Iowa State quarterback talks about the game and his game-winning play
Randy Peterson, firstname.lastname@example.org
After Game 1, the football player Iowa State missed most was the highlight-reel receiver who went to the Arizona Cardinals in Round 4 of the most recent NFL draft.
According to a Twitter vote Wednesday morning, the answer was: Hakeem Butler.
There was no experienced receiver mismatch for all those nifty and entertaining end-zone fade routes on which Butler — and Allen Lazard before him — thrived during the three-overtime win against Northern Iowa on Saturday.
There was no exciting deep threat that combined Butler’s size, speed and physicality.
After Saturday’s escape, it’s not David Montgomery that coach Matt Campbell’s team missed the most. It was the Cyclones’ other early-entry into NFL draft.
Cue the tape: A couple of minutes left in regulation. First down at the Northern Iowa 8-yard line. Quarterback Brock Purdy throws to 6-foot-7 Dylan Soehner, who’s being guarded one-on-one by Northern Iowa’s very talented Xavior Williams. Incomplete. Iowa State settles for Connor Assalley’s game-tying 23-yard field goal two plays after Purdy’s nine-yard run into the end zone was nullified by a holding penalty.
Cue tape to the overtimes: Last season, it’d be Purdy-to-Butler in an end zone corner. This season? Purdy’s 9-yard touchdown pass to La’Michael Pettway in the second overtime was about in the middle of the end zone.
Northern Iowa dropped coverage throughout the game. A lot of Iowa State opponents dropped coverage last season, opting to give up medium-range passes instead of momentum-generating deep completions to Butler.
Many times, Purdy’s threat to run tricked the secondary into thinking he was taking off on his own, thus leaving Butler open. Purdy, however, didn’t rush on Saturday; he completed medium-range passes — 14 for 9 yards or less, 14 for 10-15 yards, and just two for 20 yards or more.
We discussed that and more on our weekly Facebook Live session.
Is Purdy now a pocket passer?
After practice focused on hanging in the pocket, that’s what the sophomore did throughout the game. Only once did he pull out the pump fake that worked so well during a surprising freshman season that included 308 rushing yards on 100 attempts.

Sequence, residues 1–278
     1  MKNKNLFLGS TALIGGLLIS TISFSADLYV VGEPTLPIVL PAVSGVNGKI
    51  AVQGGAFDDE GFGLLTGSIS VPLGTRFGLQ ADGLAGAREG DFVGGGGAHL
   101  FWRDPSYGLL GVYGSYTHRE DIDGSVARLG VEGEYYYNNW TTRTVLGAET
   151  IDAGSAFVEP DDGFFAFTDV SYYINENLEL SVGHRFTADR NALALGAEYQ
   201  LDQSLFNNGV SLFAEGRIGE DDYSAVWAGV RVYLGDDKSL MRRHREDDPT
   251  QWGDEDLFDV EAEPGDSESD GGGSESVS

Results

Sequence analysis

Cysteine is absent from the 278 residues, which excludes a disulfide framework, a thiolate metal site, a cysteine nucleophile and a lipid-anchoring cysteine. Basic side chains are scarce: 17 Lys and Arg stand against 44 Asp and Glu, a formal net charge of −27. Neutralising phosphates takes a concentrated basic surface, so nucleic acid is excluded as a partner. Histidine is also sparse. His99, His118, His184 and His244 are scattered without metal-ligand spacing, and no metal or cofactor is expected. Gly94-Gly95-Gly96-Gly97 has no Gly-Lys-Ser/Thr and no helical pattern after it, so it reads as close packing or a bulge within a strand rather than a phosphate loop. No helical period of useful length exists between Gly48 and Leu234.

Wondering if he’s being turned into a pocket-passer? I asked Campbell about that on the coaches’ teleconference Monday.
“One thing that we’ve worked on is just the ability to keep him in the pocket and really trust the factor that we’re creating a pocket for him to be successful,” Campbell said. “I thought we did that.
“Will there be times when we want to continue to use his feet and continue to allow him to improvise? Certainly. (Last Saturday) was probably a product of stuff we’ve worked on during the spring and through fall practice with Brock.”
Here’s guessing rolling pockets and Purdy rushes resurface on Sept. 14 against Iowa.
Who’s the lead running back?
A few people asked that one, to which we replied?
Four running backs combined for 193 yards, so — from the aspect of the team rushing total — that was solid. None of the four, however, separated themselves. And as respectable as the Northern Iowa program is, you’d expect that rushing performance between a Power-Five program and a very good FCS program.
Game-starter Johnnie Lang rushed 14 times for 60 yards. Breece Hall, the second back in the game, had 56 yards on 13 carries. Kene Nwangwu had four carries around the edge for 40 yards, and Sheldon Croney played in the overtimes.
His 13 carries for 56 yards included the goal-line fumble that Purdy recovered, as well as the game-winning touchdown.
Who starts against Iowa?
There was solid play. But to beat the Hawkeyes, the backs need to break more runs.
It was a split-decision on this one, but as it turns out — it’s probably good.
Starting center Colin Newell sprained a knee late in the game, so his availability for Iowa is iffy. Nwangwu left the game in the fourth quarter with a shoulder injury, and tight end Chase Allen played as well as a once-sprained ankle allowed.
If Newell’s status ends up being unable to play against the Hawkeyes, then coaches have a week or so to figure out the Cyclones’ offensive line shuffle.
Going one-for-two on fourth-down conversions Saturday wasn’t horrible for a program that doesn’t gamble a lot on fourth downs. There’s no Montgomery, and the offensive line is still inconsistent, remember.
My guess is that coaches will continue conservative third- and fourth-down play-calling, which might be wise, looking back to last year’s stats that included converting just 39.6 percent of 169 third-down opportunities and going 10 of 18 on fourth downs.
Was Iowa State holding back?
Going into the game, sure. That’s often the case in season-opening games. The Cyclones did, however, play with three tight ends on the field at the same time. They did that mostly in power packages. They’ll have to do that again on Sept. 14 against Iowa and All-American defensive end A.J. Epenesa, too.
But that game became quite the tussle. The coaches didn’t purposefully try to get into a triple-overtime match. They were calling plays to win that game.
Randy Peterson is the Iowa State columnist for the Register. Reach him at email@example.com, 515-284-8132, and on Twitter at @RandyPete. No one covers the Cyclones like the Register. Subscribe today at Des Moines Register.com/Deal to make sure you never miss a moment.
Source: Des Moines Register